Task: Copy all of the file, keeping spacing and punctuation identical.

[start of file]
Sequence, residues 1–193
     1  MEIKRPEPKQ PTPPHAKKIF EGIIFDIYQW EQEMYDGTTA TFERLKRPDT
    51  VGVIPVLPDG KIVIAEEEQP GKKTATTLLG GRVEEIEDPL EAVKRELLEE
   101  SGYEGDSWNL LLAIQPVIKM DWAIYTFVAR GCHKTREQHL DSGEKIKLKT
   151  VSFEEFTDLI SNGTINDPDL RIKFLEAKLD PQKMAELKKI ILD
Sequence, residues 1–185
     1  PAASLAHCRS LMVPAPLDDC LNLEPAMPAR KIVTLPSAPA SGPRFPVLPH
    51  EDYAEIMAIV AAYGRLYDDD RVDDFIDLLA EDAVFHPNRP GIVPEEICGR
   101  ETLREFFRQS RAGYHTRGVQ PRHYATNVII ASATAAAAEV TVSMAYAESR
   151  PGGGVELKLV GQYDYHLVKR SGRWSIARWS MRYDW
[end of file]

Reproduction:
Sequence, residues 1–193
     1  MEIKRPEPKQ PTPPHAKKIF EGIIFDIYQW EQEMYDGTTA TFERLKRPDT
    51  VGVIPVLPDG KIVIAEEEQP GKKTATTLLG GRVEEIEDPL EAVKRELLEE
   101  SGYEGDSWNL LLAIQPVIKM DWAIYTFVAR GCHKTREQHL DSGEKIKLKT
   151  VSFEEFTDLI SNGTINDPDL RIKFLEAKLD PQKMAELKKI ILD
Sequence, residues 1–185
     1  PAASLAHCRS LMVPAPLDDC LNLEPAMPAR KIVTLPSAPA SGPRFPVLPH
    51  EDYAEIMAIV AAYGRLYDDD RVDDFIDLLA EDAVFHPNRP GIVPEEICGR
   101  ETLREFFRQS RAGYHTRGVQ PRHYATNVII ASATAAAAEV TVSMAYAESR
   151  PGGGVELKLV GQYDYHLVKR SGRWSIARWS MRYDW